ARHS reports third COVID-19 death in Bertie County
Albemarle Regional Health Services (ARHS) received notification on Saturday regarding the third death of a Bertie County resident from COVID-19.
ARHS officials said the individual was in the 50-64 age range with underlying health conditions and succumbed to complications from COVID-19.
To protect the family’s privacy, no further information about this patient will be released.
“We extend our deepest sympathies and are extremely saddened by the loss of another one of our community members. Our heart goes out to the individual’s family and friends,” said ARHS Health Director R. Battle Betts Jr.
As of Friday, May 8 – the day that Governor Roy Cooper ordered the state move into Phase 1 of a plan to slowly reopen the economy – Bertie County listed 58 confirmed COVID-19 cases. Sixteen of the cases were listed as active at that time, while 40 individuals had recovered from the virus.
“As we enter Phase 1, it is still very important that our community continue to practice prevention measures needed to slow the spread of COVID-19, especially handwashing, sanitation, and social distancing,” Betts stressed.
ARHS is continuing to ask citizens to be mindful in practicing preventive and safety measures. These precautions include:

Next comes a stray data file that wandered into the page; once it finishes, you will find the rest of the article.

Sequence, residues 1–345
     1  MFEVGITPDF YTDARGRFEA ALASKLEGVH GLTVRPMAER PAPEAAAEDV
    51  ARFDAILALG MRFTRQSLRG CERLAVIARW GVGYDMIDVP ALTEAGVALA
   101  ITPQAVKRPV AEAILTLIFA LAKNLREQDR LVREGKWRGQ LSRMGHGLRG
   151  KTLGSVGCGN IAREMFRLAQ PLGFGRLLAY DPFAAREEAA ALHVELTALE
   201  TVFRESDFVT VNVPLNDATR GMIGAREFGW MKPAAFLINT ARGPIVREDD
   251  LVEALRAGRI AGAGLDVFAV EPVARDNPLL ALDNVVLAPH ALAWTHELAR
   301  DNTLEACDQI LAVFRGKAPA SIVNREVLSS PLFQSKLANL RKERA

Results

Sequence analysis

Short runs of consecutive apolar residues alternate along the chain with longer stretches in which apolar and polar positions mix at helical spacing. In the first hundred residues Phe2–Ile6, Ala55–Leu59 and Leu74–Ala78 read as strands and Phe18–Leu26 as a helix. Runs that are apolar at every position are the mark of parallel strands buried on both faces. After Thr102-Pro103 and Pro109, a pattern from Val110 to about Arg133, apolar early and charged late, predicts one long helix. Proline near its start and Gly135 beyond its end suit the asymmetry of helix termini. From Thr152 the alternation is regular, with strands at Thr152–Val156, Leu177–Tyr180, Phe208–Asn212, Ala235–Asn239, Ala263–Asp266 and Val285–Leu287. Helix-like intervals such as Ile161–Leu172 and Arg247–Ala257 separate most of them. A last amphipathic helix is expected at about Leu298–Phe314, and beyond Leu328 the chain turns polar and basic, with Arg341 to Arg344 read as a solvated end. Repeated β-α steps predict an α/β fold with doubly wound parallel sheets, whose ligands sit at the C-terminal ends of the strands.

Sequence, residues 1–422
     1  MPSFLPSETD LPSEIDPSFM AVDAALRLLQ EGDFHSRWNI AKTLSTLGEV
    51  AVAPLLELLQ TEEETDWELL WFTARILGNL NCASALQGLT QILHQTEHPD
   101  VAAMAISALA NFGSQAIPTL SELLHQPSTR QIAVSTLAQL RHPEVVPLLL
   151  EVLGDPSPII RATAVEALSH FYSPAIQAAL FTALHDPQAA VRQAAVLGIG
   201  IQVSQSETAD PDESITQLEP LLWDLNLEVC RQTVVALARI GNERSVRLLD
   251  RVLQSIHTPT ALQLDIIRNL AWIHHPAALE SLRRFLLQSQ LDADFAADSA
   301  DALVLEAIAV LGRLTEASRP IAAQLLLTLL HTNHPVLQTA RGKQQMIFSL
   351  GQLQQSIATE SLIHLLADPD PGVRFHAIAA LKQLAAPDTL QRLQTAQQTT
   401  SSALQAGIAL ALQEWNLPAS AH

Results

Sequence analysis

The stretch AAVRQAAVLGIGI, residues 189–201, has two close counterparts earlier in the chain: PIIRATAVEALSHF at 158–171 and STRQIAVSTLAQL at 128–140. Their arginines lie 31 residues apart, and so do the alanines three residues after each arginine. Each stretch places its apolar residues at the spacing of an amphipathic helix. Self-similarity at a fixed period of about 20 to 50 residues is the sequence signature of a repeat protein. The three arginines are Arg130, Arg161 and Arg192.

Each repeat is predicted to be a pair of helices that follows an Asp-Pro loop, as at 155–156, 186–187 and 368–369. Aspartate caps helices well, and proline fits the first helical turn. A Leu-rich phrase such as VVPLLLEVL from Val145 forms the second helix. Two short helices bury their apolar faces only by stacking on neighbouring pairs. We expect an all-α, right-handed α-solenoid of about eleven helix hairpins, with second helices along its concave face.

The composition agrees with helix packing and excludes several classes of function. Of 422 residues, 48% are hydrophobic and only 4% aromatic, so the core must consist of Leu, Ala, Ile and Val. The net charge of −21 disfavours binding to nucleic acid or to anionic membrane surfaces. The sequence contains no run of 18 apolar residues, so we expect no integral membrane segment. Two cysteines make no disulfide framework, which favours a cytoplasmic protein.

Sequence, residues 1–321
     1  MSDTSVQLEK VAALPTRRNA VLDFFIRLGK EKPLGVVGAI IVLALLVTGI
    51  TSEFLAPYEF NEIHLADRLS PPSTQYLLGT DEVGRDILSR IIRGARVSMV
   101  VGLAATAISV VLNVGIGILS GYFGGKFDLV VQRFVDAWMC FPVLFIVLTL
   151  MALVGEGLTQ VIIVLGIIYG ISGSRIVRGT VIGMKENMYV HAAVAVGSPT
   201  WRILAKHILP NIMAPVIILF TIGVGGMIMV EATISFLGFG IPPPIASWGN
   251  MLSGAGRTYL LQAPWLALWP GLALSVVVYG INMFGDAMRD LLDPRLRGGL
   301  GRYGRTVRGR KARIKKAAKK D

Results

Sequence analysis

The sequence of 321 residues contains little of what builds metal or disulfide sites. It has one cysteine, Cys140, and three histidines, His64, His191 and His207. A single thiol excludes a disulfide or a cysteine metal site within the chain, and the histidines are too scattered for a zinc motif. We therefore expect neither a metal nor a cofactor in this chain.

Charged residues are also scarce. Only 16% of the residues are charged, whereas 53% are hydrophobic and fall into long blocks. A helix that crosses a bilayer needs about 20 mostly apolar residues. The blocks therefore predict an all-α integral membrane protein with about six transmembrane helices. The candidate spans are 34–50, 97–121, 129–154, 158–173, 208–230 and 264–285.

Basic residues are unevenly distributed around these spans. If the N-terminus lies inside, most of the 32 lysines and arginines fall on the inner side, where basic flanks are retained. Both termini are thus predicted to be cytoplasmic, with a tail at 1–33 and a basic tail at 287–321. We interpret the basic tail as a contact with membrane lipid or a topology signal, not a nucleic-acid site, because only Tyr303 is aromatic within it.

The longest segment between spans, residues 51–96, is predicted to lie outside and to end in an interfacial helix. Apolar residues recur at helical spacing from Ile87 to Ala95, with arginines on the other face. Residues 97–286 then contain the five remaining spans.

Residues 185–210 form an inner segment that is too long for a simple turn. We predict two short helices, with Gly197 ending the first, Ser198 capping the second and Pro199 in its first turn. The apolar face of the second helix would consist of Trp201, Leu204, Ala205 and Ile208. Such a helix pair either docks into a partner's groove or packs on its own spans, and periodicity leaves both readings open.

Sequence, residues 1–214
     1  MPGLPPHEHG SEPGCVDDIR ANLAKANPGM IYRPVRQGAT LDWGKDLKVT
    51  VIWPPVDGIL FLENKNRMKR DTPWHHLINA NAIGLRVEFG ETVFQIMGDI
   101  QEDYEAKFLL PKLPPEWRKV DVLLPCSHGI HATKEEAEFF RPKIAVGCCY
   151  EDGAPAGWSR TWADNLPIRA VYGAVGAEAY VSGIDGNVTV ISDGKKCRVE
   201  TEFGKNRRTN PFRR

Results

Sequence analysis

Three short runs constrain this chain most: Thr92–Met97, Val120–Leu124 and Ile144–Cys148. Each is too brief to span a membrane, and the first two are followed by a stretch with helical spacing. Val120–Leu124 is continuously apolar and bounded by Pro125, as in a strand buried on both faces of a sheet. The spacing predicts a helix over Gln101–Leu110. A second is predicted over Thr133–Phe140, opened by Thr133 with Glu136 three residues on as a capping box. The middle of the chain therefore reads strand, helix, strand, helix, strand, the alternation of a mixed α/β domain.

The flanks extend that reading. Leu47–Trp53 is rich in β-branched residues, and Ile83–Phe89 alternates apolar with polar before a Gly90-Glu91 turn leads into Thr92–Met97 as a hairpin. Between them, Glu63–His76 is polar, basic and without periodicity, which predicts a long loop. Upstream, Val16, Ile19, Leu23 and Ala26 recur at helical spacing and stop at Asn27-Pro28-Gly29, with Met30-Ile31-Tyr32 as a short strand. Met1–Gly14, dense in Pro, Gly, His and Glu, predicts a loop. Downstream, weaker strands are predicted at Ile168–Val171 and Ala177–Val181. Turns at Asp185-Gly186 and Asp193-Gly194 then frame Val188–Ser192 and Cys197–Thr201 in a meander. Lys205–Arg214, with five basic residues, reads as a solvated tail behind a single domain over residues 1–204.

Avoid close contact with people who are sick.
Avoid touching your eyes, nose, and mouth.
Stay home when you are sick.
Cover your cough or sneeze with a tissue, then throw the tissue in the trash.
Clean and disinfect frequently touched objects and surfaces using a regular household cleaning spray or wipe.
Wash your hands often with soap and water for at least 20 seconds, especially after going to the bathroom; before eating; and after blowing your nose, coughing, or sneezing. If soap and water are not readily available, use an alcohol-based hand sanitizer with at least 60% alcohol. Always wash hands with soap and water if hands are visibly dirty.
Practice social distancing; stay at least six feet away from others, avoid unnecessary travel, avoid handshakes, hugs and other close contact.
Wear a cloth face covering in public when social distancing measures are hard to maintain
To slow the spread of COVID-19 and reduce the number of people infected, communities should be following the guidance set by local, state, and federal officials to reduce frequency of contact and increase physical distance between persons, thereby reducing the risks of person-to-person transmission.